- The Washington Times - Tuesday, February 20, 2007

12:17 p.m.

SYDNEY, Australia — The Australian government today announced plans to phase out incandescent light bulbs and replace them across the country with more energy-efficient compact fluorescent bulbs.

Legislation to gradually restrict the sale of the old-style bulbs could reduce Australia’s greenhouse gas emissions by 4 million tons by 2012 and cut household power bills by up to 66 percent, said Environment Minister Malcolm Turnbull.

Australia produced almost 565 million tons of greenhouse gases in 2004, official figures show.

Prime Minister John Howard said the plan would help all Australians play a part in cutting harmful gas emissions: “Here’s something practical that everybody will participate in,” he said.

In incandescent light bulbs, perfected for mass use by Thomas A. Edison in the late 19th century, electricity flows through a filament to create light. Much of the energy, however, is wasted in the form of heat.

Australia is not the only place looking to replace such bulbs with fluorescent lighting, which is more efficient and lasts longer.

Last month, a California assemblyman announced he would propose a bill to ban the use of incandescent bulbs in his state. A New Jersey lawmaker has called for the state to switch to fluorescent lighting in government buildings within three years.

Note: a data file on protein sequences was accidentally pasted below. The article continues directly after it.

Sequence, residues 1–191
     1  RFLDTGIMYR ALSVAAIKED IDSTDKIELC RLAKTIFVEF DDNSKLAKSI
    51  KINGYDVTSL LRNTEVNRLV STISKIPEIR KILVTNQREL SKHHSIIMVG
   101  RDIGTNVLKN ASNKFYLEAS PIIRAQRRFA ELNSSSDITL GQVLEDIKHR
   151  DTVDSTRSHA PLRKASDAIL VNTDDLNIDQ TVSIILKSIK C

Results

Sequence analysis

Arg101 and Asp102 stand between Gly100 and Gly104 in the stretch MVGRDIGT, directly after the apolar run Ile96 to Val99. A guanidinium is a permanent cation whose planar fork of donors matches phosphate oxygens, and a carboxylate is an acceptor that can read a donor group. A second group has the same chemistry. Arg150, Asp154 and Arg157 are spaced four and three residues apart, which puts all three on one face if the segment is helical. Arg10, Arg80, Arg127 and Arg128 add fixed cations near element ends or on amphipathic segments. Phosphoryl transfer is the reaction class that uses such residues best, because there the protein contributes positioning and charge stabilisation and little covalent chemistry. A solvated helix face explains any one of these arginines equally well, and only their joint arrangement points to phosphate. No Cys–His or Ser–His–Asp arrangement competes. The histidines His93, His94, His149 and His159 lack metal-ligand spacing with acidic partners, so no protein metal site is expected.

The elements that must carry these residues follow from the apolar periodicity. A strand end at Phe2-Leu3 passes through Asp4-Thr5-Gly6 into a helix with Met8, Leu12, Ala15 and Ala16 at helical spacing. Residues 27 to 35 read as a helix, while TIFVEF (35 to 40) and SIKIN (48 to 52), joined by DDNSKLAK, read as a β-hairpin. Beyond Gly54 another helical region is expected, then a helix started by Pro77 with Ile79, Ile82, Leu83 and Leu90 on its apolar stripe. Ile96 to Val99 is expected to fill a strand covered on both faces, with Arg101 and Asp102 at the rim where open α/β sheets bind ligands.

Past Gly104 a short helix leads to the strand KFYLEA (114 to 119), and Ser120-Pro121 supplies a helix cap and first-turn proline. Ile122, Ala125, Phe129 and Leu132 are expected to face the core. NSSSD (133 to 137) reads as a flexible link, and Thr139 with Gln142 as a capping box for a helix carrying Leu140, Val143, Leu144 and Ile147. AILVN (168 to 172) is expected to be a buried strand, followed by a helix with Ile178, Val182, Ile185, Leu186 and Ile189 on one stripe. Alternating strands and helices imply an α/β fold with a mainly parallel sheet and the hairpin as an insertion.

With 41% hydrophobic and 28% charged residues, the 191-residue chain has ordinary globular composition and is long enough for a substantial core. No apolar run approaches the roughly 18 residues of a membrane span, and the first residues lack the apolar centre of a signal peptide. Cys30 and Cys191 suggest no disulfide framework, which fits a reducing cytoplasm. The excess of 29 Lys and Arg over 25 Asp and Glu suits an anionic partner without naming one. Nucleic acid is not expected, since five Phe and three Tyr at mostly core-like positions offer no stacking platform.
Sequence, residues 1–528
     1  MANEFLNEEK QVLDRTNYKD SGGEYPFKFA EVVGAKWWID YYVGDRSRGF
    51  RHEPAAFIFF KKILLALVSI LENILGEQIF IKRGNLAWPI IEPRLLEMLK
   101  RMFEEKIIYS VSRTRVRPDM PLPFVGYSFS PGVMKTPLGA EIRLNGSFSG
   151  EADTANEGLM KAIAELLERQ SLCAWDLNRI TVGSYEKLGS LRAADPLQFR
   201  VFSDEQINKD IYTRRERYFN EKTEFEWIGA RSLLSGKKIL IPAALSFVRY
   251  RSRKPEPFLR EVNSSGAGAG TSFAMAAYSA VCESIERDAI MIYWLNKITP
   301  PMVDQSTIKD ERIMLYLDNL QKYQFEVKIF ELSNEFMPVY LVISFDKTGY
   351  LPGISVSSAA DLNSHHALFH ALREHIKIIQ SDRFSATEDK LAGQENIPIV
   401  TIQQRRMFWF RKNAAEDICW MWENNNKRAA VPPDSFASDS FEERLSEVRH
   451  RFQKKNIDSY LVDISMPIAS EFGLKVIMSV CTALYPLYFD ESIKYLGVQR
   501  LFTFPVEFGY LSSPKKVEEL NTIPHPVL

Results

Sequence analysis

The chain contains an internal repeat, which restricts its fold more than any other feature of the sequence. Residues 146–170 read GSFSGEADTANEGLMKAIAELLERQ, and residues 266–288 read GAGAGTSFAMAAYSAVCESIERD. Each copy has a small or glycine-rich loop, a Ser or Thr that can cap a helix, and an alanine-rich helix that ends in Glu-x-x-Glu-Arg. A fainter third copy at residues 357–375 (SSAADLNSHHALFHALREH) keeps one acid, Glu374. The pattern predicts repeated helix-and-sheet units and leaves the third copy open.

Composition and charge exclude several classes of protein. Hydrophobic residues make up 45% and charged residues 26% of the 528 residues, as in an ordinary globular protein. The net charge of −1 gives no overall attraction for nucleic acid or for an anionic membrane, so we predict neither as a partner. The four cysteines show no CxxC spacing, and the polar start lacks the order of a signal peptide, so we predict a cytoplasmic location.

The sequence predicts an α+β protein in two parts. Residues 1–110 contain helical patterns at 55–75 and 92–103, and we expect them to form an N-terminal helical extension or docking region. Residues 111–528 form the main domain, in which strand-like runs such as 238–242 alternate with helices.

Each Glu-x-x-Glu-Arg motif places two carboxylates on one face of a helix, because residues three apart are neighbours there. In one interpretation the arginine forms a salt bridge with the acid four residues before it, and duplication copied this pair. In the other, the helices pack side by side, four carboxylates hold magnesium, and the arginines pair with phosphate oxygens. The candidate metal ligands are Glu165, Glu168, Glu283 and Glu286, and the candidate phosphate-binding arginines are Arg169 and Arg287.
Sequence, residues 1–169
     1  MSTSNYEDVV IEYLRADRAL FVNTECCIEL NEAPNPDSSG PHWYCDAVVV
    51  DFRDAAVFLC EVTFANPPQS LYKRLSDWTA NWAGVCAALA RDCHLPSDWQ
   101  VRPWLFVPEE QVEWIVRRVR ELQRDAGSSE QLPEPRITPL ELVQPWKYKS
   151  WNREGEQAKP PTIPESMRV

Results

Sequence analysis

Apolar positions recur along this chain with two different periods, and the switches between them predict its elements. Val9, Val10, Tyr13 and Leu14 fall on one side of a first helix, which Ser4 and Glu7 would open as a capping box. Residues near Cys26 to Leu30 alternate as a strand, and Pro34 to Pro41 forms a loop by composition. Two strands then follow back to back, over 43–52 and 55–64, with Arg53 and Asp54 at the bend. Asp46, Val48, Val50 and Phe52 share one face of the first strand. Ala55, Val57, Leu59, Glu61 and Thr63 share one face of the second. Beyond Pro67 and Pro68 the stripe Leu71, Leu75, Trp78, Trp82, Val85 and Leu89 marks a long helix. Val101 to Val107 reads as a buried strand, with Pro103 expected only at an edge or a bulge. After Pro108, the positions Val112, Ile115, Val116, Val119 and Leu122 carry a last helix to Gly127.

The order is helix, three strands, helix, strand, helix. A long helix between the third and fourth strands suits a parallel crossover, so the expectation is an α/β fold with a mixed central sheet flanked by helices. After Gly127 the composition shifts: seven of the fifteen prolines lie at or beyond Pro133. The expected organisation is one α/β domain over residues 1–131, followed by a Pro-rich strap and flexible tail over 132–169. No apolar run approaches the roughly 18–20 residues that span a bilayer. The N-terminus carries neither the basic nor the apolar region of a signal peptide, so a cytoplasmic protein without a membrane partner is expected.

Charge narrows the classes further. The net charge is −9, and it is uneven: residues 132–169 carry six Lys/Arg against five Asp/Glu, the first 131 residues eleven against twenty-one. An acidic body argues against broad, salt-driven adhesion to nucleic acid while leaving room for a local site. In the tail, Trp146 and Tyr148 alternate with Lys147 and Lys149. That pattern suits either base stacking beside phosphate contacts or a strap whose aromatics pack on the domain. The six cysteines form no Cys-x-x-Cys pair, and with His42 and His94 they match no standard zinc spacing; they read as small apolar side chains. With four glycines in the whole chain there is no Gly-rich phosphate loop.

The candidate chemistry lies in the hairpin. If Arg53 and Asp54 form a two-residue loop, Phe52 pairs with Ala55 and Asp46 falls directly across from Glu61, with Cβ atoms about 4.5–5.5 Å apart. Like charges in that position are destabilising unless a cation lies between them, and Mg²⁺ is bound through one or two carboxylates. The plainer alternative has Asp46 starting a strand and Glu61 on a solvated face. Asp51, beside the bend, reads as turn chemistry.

Cuba’s Fidel Castro began a similar program two years ago, sending youth brigades into homes and switching out regular bulbs for energy-saving ones to help battle electrical blackouts around the island.

Under the Australian plan, bulbs that do not comply with energy-efficiency targets would be banned gradually from sale. Exemptions may apply for special needs, such as medical lighting and oven lights.

Fluorescent bulbs are more expensive than incandescent bulbs, but they use about 20 percent of the power to produce the same amount of light, and they last longer, making them more competitive over time, advocates argue.

Environmentalists welcomed the light-bulb plan but noted that the vast bulk of Australia’s greenhouse gas emissions come from industry, such as coal-fired power stations.

“It is a good, positive step, but it is a very small step. It needs to be followed through with a lot of different measures,” Australian Conservation Foundation spokesman Josh Meadows told Australian Broadcasting Corp. radio.

Copyright © 2018 The Washington Times, LLC. Click here for reprint permission.

The Washington Times Comment Policy

The Washington Times welcomes your comments on Spot.im, our third-party provider. Please read our Comment Policy before commenting.


Click to Read More and View Comments

Click to Hide